When Knowledge Conquered Fear

   2014    Science
The episode begins with Tyson describing how pattern recognition manifested in early civilization as using astronomy and astrology to predict the passing of the seasons, including how the passage of a comet was often taken as an omen. Tyson continues to explain that the origin of comets only became known in the 20th century due to the work of Jan Oort and his hypothesis of the Oort cloud. Tyson then continues to relate the collaboration between Edmond Halley and Isaac Newton in the last part of the 17th century in Cambridge. The collaboration would result in the publication of Philosophiæ Naturalis Principia Mathematica, the first major work to describe the laws of physics in mathematical terms, despite objections and claims of plagiarism from Robert Hooke and financial difficulties of the Royal Society of London. Tyson explains how this work challenged the prevailing notion that God had planned out the heavens, but would end up influencing many factors of modern life, including space flight. Tyson further describes Halley's contributions including determining Earth's distance to the sun, the motion of stars and predicting the orbit of then-unnamed Halley's Comet using Newton's laws. Tyson contrasts these scientific approaches to understanding the galaxy compared to what earlier civilizations had done, and considers this advancement as mankind's first steps into exploring the universe. The episode ends with an animation of the Milky Way and Andromeda galaxies' merging based on the principles of Newton's laws.
Series: Cosmos: A Spacetime Odyssey

Invasion

   2014    Art
What if aliens landed on Earth? Much of science fiction explores the moment of first contact – what will people do when the aliens land? From H. G. Wells’ pioneering The War of the Worlds to Independence Day, Men in Black, and District 9, Invasion deals with our fears of alien invasions of earth. David Tennant explains the appeal of Doctor Who’s Daleks and Cybermen while John Carpenter and Chris Carter explore the rich appeal of the paranoia fuelled by hidden aliens with The Thing and The X-Files. It also asks, what if the monsters were our own creation? With the aid of rarely seen animation tests, Phil Tippett takes us behind the scenes in the creation of the dinosaurs of Jurassic Park. But not all invasions are hostile. Peter Coyote and Richard Dreyfuss discuss the creation of Spielberg’s spellbinding classics E.T. the Extra-Terrestrial and Close Encounters of the Third Kind. There is more than one kind of invasion.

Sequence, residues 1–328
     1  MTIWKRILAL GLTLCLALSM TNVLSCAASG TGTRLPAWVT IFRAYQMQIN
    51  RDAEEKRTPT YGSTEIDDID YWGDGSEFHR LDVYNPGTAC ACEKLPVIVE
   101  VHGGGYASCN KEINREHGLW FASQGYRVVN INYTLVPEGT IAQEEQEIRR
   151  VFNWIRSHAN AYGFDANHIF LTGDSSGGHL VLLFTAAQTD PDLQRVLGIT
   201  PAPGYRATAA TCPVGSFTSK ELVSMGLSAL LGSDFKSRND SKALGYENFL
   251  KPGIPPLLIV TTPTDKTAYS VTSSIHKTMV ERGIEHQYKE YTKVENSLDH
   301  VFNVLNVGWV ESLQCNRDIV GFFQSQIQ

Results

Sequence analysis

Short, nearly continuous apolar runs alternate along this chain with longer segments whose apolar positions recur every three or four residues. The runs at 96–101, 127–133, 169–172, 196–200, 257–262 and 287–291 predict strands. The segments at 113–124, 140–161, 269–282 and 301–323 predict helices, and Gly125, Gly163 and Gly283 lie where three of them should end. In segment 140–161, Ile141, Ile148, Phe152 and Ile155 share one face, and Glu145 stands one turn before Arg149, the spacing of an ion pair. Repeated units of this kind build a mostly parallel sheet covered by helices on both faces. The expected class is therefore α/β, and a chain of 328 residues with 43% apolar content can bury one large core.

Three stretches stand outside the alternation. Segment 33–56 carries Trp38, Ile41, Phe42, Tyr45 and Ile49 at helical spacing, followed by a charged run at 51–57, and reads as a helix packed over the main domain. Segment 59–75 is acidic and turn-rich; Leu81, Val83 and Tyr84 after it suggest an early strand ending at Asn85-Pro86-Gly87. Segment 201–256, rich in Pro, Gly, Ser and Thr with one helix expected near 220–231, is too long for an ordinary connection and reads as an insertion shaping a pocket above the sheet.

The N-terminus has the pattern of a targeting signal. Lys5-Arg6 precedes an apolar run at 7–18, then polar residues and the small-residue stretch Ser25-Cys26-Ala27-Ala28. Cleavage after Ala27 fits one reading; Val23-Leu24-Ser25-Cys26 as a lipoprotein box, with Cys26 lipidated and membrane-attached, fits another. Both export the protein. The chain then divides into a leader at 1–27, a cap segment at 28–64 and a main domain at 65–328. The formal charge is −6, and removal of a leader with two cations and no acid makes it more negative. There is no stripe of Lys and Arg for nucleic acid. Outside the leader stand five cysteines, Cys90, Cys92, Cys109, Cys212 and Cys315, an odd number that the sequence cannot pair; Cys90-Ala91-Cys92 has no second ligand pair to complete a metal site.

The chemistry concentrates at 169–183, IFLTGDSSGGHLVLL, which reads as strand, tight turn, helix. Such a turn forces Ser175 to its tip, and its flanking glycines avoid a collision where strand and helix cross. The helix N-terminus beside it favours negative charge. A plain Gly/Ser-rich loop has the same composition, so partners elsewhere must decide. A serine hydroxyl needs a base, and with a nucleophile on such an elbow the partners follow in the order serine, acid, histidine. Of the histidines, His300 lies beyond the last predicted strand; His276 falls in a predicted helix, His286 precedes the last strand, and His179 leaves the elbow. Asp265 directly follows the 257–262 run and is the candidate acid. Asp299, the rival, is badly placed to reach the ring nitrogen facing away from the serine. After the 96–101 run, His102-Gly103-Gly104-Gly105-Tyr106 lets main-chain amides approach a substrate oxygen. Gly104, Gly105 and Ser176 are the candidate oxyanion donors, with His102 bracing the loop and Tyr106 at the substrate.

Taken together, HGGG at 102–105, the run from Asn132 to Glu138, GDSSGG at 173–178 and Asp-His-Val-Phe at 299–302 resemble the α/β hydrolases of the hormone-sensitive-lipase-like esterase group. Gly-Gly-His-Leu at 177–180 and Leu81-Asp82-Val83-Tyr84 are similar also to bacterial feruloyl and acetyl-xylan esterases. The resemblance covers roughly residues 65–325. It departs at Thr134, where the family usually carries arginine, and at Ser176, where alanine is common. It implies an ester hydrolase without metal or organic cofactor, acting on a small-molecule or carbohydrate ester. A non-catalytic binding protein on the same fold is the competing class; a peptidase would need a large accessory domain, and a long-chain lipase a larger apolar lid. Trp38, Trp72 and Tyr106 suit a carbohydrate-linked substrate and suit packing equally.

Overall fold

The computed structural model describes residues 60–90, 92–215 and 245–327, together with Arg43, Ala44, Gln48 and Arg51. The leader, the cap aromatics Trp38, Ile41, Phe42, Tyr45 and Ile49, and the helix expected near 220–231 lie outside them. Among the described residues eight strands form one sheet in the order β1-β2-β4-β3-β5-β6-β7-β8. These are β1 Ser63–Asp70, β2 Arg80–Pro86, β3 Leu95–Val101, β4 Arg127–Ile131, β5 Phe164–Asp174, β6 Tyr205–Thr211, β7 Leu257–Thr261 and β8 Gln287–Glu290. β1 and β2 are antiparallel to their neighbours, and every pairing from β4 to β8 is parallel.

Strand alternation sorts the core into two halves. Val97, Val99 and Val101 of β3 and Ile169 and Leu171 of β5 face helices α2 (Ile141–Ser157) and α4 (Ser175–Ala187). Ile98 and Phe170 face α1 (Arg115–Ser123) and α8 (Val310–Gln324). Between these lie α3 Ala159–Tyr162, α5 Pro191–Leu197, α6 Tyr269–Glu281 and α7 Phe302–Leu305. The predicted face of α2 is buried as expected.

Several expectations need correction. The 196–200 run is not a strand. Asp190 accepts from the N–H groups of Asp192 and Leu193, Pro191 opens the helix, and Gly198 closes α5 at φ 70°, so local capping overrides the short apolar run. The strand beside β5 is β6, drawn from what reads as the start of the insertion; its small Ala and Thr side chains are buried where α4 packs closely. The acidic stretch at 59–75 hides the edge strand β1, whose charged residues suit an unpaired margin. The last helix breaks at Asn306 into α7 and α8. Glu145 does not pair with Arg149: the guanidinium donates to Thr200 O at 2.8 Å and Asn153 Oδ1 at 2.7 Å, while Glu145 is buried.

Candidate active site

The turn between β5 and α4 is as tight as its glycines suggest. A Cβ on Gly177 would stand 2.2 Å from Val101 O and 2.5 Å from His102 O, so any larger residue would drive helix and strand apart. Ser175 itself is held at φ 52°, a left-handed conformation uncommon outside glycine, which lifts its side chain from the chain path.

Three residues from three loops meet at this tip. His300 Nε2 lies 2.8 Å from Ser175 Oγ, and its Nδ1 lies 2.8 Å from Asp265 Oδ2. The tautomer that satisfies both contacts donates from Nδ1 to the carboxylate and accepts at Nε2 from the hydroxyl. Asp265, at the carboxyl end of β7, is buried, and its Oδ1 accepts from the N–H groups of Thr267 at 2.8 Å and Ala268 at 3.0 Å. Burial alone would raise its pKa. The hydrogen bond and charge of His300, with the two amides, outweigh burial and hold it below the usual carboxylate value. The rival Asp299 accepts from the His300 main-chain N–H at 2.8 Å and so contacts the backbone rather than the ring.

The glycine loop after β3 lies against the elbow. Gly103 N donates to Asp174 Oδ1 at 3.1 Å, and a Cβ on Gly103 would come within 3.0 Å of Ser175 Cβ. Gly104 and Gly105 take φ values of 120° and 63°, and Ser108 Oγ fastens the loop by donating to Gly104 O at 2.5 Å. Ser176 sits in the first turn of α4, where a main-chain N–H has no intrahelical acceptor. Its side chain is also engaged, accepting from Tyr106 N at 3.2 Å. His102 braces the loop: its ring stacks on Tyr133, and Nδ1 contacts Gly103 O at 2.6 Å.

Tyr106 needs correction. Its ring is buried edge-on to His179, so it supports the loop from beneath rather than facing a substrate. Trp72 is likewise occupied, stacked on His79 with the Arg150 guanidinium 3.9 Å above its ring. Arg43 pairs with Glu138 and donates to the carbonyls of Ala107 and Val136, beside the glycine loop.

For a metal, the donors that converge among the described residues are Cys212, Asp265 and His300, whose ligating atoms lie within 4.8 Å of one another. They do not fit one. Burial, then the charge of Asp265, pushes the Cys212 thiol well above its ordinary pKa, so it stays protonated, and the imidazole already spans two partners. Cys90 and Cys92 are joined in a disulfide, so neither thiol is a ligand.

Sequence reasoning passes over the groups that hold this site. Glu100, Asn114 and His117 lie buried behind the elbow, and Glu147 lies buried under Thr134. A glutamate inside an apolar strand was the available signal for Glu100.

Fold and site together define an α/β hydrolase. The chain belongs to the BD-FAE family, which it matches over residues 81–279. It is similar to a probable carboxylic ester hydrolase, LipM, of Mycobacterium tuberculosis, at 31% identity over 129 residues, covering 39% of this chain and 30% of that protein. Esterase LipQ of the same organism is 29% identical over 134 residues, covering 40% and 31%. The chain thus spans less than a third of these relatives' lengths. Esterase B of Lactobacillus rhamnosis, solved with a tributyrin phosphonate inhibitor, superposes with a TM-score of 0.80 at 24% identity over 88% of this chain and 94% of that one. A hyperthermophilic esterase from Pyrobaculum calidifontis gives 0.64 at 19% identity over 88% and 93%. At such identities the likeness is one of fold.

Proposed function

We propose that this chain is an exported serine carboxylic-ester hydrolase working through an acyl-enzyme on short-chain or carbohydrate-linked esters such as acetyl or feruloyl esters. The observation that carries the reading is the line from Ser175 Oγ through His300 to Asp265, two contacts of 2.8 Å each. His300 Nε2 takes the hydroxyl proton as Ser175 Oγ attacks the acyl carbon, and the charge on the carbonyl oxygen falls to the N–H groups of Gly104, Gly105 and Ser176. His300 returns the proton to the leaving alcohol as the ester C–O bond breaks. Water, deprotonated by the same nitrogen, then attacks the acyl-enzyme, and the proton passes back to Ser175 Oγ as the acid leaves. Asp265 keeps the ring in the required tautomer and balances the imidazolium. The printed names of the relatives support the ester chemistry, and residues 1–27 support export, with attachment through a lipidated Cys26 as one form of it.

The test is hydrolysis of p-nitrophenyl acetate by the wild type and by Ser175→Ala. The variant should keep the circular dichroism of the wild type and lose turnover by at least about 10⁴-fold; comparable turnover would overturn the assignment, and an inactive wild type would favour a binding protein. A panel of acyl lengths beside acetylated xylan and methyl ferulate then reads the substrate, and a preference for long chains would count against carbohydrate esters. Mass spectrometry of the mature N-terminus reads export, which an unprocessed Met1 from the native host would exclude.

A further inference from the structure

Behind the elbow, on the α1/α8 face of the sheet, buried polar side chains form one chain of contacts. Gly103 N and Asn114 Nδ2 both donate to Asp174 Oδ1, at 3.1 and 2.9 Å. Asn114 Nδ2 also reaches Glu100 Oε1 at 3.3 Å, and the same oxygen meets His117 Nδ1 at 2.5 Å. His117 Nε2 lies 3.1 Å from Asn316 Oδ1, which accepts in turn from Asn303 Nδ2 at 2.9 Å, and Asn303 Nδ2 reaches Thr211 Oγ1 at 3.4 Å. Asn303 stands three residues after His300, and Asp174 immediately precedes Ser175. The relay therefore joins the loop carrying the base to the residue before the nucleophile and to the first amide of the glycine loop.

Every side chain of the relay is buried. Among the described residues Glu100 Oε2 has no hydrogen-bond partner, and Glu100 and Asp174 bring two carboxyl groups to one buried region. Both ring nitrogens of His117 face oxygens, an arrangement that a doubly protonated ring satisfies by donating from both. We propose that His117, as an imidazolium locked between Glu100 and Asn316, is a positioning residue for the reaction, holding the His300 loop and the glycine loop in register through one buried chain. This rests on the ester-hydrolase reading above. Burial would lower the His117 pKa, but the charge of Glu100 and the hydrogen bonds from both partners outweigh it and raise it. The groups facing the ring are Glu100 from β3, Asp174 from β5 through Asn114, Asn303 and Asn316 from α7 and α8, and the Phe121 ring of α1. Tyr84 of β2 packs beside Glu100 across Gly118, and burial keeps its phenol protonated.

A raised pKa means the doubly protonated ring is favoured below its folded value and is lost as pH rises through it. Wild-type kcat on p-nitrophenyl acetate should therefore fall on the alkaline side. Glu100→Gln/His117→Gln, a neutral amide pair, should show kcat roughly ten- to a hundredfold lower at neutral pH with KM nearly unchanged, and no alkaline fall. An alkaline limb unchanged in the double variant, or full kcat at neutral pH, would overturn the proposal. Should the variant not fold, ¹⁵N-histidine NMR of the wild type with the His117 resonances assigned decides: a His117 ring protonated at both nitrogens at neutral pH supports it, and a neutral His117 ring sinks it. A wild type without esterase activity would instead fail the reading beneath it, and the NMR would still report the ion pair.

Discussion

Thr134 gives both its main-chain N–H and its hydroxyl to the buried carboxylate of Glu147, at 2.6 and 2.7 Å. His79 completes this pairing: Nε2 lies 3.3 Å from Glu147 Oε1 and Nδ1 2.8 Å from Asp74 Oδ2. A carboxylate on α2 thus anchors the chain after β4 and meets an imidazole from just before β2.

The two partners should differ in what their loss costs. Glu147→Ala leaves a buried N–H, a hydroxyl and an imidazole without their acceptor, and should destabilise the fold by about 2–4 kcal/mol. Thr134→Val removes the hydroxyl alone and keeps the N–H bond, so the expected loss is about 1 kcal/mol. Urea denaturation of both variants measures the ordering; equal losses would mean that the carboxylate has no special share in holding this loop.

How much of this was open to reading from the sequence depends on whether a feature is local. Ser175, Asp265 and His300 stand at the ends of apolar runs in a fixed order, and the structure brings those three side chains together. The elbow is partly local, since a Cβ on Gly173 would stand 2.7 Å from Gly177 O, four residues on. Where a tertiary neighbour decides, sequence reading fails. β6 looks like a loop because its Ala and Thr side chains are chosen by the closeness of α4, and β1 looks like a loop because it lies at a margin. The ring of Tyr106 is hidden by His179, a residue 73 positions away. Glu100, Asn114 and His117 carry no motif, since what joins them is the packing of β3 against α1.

Series: The Real History of Science Fiction
Tiger

Tiger

2020  History
Evolution

Evolution

2004  Science
How Earth Made Us

How Earth Made Us

2010  Science
Future Warfare

Future Warfare

2021  Technology
Prehistoric Planet

Prehistoric Planet

2022  Science
The Last Dance

The Last Dance

2020  Culture